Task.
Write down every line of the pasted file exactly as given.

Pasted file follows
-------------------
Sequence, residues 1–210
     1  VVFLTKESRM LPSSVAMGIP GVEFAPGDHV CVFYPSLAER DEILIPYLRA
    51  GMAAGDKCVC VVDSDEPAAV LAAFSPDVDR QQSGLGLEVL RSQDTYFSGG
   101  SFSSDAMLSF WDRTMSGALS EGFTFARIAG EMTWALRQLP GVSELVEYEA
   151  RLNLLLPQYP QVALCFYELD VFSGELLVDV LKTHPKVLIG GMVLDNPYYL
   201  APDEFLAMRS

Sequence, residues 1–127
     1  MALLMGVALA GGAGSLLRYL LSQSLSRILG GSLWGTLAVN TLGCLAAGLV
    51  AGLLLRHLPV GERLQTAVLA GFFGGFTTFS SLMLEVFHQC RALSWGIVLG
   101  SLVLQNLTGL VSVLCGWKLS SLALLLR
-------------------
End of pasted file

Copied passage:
Sequence, residues 1–210
     1  VVFLTKESRM LPSSVAMGIP GVEFAPGDHV CVFYPSLAER DEILIPYLRA
    51  GMAAGDKCVC VVDSDEPAAV LAAFSPDVDR QQSGLGLEVL RSQDTYFSGG
   101  SFSSDAMLSF WDRTMSGALS EGFTFARIAG EMTWALRQLP GVSELVEYEA
   151  RLNLLLPQYP QVALCFYELD VFSGELLVDV LKTHPKVLIG GMVLDNPYYL
   201  APDEFLAMRS

Sequence, residues 1–127
     1  MALLMGVALA GGAGSLLRYL LSQSLSRILG GSLWGTLAVN TLGCLAAGLV
    51  AGLLLRHLPV GERLQTAVLA GFFGGFTTFS SLMLEVFHQC RALSWGIVLG
   101  SLVLQNLTGL VSVLCGWKLS SLALLLR